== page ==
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# Bayesian Optimalities

I’m sometimes asked in conferences and meetings around Montreal: why Bayes?

This always strikes me. I do sometimes identify with “bayesianism”, because I want to do research related to Bayesian statistics, but I don’t feel that I’m a Bayesian in the sense that I adhere to one particular school of thought. First and foremost, I am a mathematician and a statistician. I want to understand the world through simulation and modelling, with the certainty provided by mathematical lenses, and I want to study and develop the statistical tools that we use to understand the world when certainty is not at reach. That’s my scientific identity.

Yet I’m also driven to answer: what else? What else than probabilities to model uncertainty and randomness? What else than probabilistic conditioning to account for new information? (Ok, I’m exaggerating a bit here. There are tons of other fun “else” to answer that question, but Bayes certainly stands out.) I’m drawn to Bayesian stats because, more often than not, it’s about providing meaningful answers to the questions that we really care about. I want, when possible, posterior probabilities of hypotheses; not 0-1 decisions and wishful thinking.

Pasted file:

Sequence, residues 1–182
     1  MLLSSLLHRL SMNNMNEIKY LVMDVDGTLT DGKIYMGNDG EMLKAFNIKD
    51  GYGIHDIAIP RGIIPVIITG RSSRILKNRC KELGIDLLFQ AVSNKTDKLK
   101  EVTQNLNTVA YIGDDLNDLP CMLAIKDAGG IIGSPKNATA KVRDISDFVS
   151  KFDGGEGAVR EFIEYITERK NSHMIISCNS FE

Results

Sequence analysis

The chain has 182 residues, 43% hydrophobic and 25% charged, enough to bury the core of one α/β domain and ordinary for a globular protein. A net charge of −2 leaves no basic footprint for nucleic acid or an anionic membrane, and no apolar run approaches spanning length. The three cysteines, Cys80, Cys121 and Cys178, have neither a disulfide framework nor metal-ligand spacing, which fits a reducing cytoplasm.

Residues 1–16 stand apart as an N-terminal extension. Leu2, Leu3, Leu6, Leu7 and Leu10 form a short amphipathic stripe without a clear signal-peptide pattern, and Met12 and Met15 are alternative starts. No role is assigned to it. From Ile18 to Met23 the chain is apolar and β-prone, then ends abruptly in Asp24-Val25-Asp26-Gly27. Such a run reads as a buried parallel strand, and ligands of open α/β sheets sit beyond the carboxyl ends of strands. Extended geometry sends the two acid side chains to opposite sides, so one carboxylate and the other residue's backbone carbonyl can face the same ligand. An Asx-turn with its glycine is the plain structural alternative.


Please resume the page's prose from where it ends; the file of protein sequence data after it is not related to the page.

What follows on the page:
That’s for the “let’s infer stuff” part. In a prediction or point estimation context, I can also try to explain how Bayesian procedures are well suited to hierarchical modelling and convenient computational algorithms, how they can be used to incorporate prior information, have nice properties and follow from conceptually simple principles which are well suited to mathematical analysis. They may or may not help solving a particular problem and that’s perfectly fine, but they are still a subject of study worthwhile of specialisation. (Yes, I currently often have to defend my choice of studying Bayesian stats. I’m eager to begin my PhD.)